The Liangs decided to remain in Britain, not out of design – her mother was desperate to return to Taiwan – but, with some irony, because of education and culture. By the time her father had completed his studies, and won his dream job as a lecturer in Taiwan, his three daughters were unable to speak Chinese with any fluency, and unable to read it at all.
“Going back to the Taiwanese system, which was all academic based, if you can’t read or write, you will go to the worst schools and never make that jump back up,” says Liang.
In the book, the writer suggests that cultural dynamics of a different sort played a similarly crucial role in the success enjoyed by all three sisters: the absence of a brother. Would she have enjoyed similar success if there had been a Liang son?
“I don’t think so,” she says. “I know [my parents] would have behaved differently. If there had been a boy, he would have been given everything – all the attention. He would have been the one encouraged to do well academically. Certainly among my Taiwanese friends, the ones that have been the most successful are the ones without brothers.”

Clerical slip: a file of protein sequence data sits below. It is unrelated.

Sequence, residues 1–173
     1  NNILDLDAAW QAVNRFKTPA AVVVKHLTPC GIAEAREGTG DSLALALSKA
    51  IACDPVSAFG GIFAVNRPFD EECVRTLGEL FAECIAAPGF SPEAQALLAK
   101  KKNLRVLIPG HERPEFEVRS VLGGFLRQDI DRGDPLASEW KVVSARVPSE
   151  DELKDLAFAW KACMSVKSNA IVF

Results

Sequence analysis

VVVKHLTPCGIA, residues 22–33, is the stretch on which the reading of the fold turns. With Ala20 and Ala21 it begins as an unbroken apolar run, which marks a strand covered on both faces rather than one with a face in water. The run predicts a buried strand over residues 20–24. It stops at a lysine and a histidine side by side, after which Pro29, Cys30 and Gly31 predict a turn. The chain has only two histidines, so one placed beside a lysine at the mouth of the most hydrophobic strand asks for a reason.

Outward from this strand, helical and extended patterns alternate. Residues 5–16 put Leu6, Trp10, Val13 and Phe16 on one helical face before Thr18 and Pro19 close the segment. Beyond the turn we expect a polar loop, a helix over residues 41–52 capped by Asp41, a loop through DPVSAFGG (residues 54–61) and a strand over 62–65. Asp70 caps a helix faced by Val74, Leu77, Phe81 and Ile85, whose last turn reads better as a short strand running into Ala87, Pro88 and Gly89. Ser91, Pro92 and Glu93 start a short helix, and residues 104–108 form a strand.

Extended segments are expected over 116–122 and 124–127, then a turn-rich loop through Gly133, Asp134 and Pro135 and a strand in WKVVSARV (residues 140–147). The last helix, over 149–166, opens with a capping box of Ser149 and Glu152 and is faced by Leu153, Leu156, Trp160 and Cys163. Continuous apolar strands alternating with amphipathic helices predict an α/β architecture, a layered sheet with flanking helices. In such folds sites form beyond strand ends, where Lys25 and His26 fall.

Gender is similarly prominent in determining Liang’s ideas about parenting. “One of my aims in this book is that we should start eradicating ‘mother’ and write ‘parent’,” she says. “Even if advice is gender-neutral, when you use the word ‘mother’ then a father picking the book up feels a bit alienated.”
And yet Liang is as vulnerable to “the unconscious gender bias” as the rest of us, admitting, “When I read back, I saw I had often written ‘mother’ by mistake and had to go back and take out every one.”
Such gender-neutrality is not advocated for reasons of political correctness, but to address the rapidly evolving challenges faced by parents.
“The time when you have children is often the time when your career is about to take off,” says Liang, adding that she turned down prestigious full-time positions in the knowledge that no London teaching hospital would meet her newfound requirement of working three days a week. “If you position yourself where your family comes first, those are the choices you go for.”
Liang acknowledges her own privilege in being able to step back from work. Her husband’s job in banking allows flexibility while funding their life in London’s exclusive, expensive Hampstead village. Nevertheless, Liang challenges the assumption that balancing work and parenthood should be an either-or proposition: choose family or career, but not both.
“I don’t want to have it all. I just want a bite of both cakes,” she says. “I don’t want the whole cakes. Just a bite.”